• human error in dealing with personal information including both electronic and paper
  • unforeseen circumstances such as fire or flood
  • hacking attack on the Council’s ICT systems
  • ‘Blagging’ offences where information is obtained by deceiving the organisation who holds it
  • unauthorised access into secure areas

5. Notification of Breaches Once Discovered

5.1 - Instances of the loss of personal data are rare in the Council, however, the consequences to its reputation and the potential impacts on individuals of the loss of personal information means we need to take swift action in the event of a loss. 

5.2 - The person who discovers/receives a report of a breach must inform the Information Governance Manager and Data Protection Officer immediately. Notify any breach discovered outside of normal working hours as soon as is practicable during the next working day however any serious breaches that could cause serious adverse effect or media interest must be reported as a matter of urgency. The contact email address for data protection is 

5.3 - The Information Governance Manager and/or the Data Protection Officer, will then decide whether to involve other departments e.g. Human Resources, ICT. 

6. Assessing the Risk

6.1 - The Information Governance Manager will carry out the initial assessment of the breach on the day it is reported and consider whether the event meets the GDPR definition of a personal data breach.

6.2 - During this initial assessment, a risk assessment of the impact and likelihood of impact on the rights and freedoms of the affected individual’s, data subjects, will be undertaken this must be completed within 72 hours of the breach being reported.

6.3 - This will consider the risks to the affected individuals arising from the personal data breach including adverse impact on their:

  • Privacy
  • Personal financial interests
  • Other material damages
  • Health and safety
  • Emotional wellbeing
  • Other non-material damages

6.4 - In considering the risk, the Information Governance Manager will have support and advice from the Data Protection Officer and relevant Executive Head or Head of Service and other colleagues as required.

6.5 - Factors to be considered (these factors are not exhaustive):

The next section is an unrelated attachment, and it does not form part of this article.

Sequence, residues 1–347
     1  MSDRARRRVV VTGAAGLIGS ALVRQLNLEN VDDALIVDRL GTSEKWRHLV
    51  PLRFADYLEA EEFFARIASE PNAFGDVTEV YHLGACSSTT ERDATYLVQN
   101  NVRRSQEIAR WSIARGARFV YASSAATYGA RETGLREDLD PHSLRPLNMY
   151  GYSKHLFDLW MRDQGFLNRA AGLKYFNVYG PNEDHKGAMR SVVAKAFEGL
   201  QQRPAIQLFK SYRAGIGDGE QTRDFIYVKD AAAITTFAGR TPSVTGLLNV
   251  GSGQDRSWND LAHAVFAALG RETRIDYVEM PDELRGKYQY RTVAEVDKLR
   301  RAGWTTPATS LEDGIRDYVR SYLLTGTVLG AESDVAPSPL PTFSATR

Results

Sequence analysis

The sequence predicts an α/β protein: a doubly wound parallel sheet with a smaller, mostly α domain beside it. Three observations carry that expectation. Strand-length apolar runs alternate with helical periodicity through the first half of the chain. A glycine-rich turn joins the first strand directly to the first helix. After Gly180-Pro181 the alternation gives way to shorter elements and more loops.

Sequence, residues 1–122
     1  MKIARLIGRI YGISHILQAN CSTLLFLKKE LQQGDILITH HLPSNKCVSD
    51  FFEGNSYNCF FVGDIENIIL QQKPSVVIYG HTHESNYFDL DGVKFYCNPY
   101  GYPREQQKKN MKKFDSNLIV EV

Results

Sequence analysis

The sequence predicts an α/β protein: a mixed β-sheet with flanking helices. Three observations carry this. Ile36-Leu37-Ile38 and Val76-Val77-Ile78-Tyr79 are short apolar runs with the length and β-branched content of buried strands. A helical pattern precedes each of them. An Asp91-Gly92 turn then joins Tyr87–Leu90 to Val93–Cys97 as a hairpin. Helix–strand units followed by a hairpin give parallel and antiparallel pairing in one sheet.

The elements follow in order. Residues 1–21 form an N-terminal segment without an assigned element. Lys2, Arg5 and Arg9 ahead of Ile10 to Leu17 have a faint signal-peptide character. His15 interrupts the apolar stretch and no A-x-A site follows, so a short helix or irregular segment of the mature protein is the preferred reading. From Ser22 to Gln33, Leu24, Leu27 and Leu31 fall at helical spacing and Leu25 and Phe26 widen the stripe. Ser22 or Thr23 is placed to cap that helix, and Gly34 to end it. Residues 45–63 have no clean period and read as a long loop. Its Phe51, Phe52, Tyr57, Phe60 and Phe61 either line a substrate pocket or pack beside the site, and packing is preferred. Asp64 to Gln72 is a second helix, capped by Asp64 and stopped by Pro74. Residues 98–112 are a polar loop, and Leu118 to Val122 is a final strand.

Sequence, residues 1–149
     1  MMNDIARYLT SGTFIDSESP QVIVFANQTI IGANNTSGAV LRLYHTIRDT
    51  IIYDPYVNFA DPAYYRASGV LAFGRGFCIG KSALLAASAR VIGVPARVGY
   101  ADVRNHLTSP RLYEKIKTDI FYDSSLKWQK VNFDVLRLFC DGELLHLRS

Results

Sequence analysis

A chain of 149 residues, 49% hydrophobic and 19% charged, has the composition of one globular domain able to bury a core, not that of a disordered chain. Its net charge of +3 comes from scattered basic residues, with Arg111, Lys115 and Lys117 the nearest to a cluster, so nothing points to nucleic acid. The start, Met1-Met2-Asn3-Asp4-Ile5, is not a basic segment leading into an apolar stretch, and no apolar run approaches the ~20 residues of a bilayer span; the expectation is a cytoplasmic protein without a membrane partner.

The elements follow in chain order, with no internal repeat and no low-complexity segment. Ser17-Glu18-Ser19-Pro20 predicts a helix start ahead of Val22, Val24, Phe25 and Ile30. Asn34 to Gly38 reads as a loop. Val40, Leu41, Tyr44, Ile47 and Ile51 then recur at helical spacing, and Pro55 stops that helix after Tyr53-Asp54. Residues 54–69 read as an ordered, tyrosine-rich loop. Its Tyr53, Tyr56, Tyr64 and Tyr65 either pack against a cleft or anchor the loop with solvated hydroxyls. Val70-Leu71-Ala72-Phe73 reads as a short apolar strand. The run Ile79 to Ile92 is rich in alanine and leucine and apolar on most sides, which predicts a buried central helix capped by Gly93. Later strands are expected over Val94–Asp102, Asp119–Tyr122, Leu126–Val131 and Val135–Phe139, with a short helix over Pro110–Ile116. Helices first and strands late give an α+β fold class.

• The type of breach
  • The nature, volume and sensitivity of the personal data breached
  • How easy it is to identify individuals
  • The potential consequences for individuals
  • Any special characteristics of the data subject (for example they are children or otherwise venerable)

6.6 - Some data security breaches will not lead to risks beyond the possible inconvenience to those who use the data to do their job, for example if a laptop is irreparably damaged or lost, or in line with the Information Security Policy, it is encrypted, and no data is stored on the device. There will be a monetary cost to the Council by the loss of the device but not a security breach.

6.7 - Whilst these types of incidents can still have significant consequences, the risks are very different from those posed by, for example, the theft of customer data, whereby the data may be used to commit identity fraud.

6.8 - Helpful tips for assessment of risks (these tips are not exhaustive):

  • what type of data is involved?
  • how sensitive is it? Is it sensitive personal details as defined by the Article 9 of GDPR (e.g. housing benefits) or other data types which are sensitive because of what might happen if it is misused (e.g. bank account details). 
  • if data has been lost or stolen, are there any protections in place such as encryption?
  • what has happened to the data?
  • can the data be restored or recreated?
  • how usable is the lost data?
  • if data has been stolen, could it be used for purposes which are harmful to the individuals to whom the data relates; if it has been damaged, this poses a different type and level of risk
  • what could the data tell a third party about the individual? Sensitive data could mean very little to an opportunistic laptop thief while the loss of apparently trivial snippets of information could help a determined fraudster build up a detailed picture of other people
  • how many individuals’ personal data is affected by the breach? It is not necessarily the case that the bigger risks will accrue from the loss of large amounts of data but is certainly an important determining factor in the overall risk assessment
  • who are the individuals whose data has been breached? Are they staff, customers, clients or suppliers?
  • what harm can come to those individuals because of the breach? Are there risks to physical safety or reputation, financial loss, fraudulent use or a combination of these and other aspects of their life?
  • are there wider consequences to consider such as a risk to loss of public confidence in one of the service areas?